STEM and STEAM have hit schools like a tsunami. 3-D printers, “maker spaces” and all things inventive are increasingly part of the curriculum. In part, the STEM movement grew out of alarming data about United States students’ skill gaps in math, science and engineering. Others championed it as a way to prepare students for the jobs of the future. Perhaps the most compelling rationale, however, is educational: developing creativity, innovative and integrated thinking, and real-world problem-solving.
What’s particularly promising, I think, is the opportunity to marry STEM and STEAM with service on behalf of a greater good. That’s why I was impressed by a terrific project at Parish Episcopal School in Dallas,Texas, called Maker Play.
As described on the Maker Play website:
Long-term hospital patients are often confined to their room and lack the ability to interact and engage in a variety of purposeful activities during their treatment. Specifically for children, this translates to the patient often falling behind their peers academically. This program will teach patients-who are in the hospitals for an extended period of time- science, technology, engineering, and math through hands-on activities. Activities are curated in a form of project kits that take 30 minutes to an hour to complete.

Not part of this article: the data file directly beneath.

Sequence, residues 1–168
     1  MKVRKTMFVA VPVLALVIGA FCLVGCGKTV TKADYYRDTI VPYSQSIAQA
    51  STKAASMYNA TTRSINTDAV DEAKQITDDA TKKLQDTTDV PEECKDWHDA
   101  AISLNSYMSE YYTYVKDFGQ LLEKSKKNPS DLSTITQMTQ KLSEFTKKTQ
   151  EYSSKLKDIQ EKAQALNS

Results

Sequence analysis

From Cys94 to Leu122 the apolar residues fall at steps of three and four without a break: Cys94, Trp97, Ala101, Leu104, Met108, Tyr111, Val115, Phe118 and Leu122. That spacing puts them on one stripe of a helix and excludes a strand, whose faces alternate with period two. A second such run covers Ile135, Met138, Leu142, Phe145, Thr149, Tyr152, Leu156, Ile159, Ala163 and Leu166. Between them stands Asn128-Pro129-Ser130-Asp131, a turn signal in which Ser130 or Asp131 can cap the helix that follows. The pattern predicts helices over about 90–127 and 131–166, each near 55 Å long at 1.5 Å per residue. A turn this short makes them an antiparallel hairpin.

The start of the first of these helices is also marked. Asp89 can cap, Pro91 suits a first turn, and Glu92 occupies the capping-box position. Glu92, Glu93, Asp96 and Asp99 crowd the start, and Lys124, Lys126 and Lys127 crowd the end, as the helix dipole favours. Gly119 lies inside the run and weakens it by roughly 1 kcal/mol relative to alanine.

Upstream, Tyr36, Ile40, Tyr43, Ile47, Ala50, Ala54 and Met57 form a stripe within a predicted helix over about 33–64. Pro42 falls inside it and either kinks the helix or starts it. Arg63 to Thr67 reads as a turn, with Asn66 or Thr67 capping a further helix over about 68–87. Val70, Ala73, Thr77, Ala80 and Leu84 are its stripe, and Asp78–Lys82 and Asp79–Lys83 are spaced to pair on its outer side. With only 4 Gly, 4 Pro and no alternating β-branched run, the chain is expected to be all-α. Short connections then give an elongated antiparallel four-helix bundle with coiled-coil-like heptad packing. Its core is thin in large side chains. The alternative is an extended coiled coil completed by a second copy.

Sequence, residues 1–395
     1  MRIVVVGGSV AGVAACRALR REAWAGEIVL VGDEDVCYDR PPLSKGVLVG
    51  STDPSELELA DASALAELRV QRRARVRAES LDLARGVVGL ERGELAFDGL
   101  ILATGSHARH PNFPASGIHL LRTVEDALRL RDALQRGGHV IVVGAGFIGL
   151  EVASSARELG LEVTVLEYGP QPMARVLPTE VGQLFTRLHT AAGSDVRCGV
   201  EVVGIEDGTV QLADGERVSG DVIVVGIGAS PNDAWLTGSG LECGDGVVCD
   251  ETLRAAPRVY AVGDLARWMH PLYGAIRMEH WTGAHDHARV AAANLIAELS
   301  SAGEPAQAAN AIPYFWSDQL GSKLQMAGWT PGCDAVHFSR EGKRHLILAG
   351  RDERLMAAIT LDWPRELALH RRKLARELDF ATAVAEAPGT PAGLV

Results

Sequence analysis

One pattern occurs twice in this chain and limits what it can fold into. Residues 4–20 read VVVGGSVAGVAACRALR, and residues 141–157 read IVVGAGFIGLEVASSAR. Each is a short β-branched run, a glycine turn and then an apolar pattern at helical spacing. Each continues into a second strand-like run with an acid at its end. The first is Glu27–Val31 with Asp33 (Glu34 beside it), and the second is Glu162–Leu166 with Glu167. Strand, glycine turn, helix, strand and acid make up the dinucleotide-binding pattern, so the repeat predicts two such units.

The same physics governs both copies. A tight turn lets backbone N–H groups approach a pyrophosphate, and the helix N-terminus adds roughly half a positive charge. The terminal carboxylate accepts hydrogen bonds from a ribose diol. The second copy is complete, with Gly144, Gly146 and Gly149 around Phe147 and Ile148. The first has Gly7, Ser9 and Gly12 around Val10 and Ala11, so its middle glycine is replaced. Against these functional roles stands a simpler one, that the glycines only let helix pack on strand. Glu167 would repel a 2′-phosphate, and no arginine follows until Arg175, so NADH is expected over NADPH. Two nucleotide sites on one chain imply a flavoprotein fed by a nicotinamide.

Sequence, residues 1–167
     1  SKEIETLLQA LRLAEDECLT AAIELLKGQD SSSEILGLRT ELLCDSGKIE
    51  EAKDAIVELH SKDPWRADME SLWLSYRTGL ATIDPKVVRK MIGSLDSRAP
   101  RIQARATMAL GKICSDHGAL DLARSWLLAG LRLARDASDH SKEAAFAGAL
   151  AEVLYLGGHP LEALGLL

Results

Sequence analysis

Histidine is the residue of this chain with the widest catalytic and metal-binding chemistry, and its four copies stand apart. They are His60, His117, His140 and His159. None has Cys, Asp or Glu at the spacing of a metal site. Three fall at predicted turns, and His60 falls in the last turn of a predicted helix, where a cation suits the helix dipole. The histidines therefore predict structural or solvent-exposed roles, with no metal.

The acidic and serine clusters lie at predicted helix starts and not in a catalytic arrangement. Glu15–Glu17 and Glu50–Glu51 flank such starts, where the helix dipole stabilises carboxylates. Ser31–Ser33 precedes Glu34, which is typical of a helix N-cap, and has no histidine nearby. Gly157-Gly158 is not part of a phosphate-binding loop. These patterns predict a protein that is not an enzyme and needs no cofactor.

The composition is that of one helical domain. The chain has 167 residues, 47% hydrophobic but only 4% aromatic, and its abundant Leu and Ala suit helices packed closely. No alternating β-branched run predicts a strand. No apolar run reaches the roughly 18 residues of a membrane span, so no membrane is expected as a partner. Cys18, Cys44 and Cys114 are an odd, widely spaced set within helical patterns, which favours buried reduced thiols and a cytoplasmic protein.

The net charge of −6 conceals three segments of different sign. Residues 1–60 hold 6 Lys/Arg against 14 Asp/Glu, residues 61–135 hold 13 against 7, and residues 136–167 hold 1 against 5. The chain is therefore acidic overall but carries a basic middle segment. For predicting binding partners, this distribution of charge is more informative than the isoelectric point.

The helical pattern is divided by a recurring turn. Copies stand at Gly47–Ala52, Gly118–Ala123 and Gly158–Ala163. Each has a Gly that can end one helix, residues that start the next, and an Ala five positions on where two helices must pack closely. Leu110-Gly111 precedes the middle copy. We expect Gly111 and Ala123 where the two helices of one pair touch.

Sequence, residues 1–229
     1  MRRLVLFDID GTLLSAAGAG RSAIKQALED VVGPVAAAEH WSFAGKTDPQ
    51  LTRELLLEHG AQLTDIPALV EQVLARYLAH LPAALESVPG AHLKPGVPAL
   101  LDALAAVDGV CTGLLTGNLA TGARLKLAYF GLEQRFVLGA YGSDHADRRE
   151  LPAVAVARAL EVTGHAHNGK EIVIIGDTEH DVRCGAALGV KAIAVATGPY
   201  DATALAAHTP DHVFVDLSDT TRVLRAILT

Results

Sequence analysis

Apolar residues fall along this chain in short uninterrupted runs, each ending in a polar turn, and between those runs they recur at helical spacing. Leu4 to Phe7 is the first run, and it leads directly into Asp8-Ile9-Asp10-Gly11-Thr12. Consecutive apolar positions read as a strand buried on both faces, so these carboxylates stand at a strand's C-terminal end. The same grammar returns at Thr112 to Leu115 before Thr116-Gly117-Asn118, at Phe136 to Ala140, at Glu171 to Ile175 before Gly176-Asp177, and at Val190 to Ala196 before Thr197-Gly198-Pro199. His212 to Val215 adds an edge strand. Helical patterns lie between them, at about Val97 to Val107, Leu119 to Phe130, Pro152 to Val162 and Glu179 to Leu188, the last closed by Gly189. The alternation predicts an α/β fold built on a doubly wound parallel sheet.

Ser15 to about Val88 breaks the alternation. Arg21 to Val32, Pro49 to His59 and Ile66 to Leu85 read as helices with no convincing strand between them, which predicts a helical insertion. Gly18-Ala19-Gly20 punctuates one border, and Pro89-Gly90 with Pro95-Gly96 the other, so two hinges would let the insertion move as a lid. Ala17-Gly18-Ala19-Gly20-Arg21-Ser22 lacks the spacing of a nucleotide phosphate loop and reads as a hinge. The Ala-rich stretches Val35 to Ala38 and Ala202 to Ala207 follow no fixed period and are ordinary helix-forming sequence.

Maker Play was not dreamed up by students tinkering in an isolated lab imagining what others need without consulting them or knowing much about the issue at hand. On the contrary. It was developed collaboratively with other savvy organizations, in this case The Deason Innovation Gym and Southern Methodist University. It’s meeting a need identified by the hospitals and patients themselves, rather than being imposed by well-meaning outsiders. It brings young people together around a shared good and gives both sets of young people – those making the kits and those using them – a sense of personal agency. And, of course, it’s just so simple.
Earlier this month, the first set of activity kits were delivered to Children’s Hospital in Dallas for pilot testing with patients and hospital educational staff.
It’s exciting that Episcopal schools are responsibly and effectively marrying STEM, STEAM and design thinking with public purpose. It’s not only something Episcopal schools should be good at, but committed to doing and doing well. And that’s a very good thing, indeed.
What’s your school doing? We’d love to know. Email firstname.lastname@example.org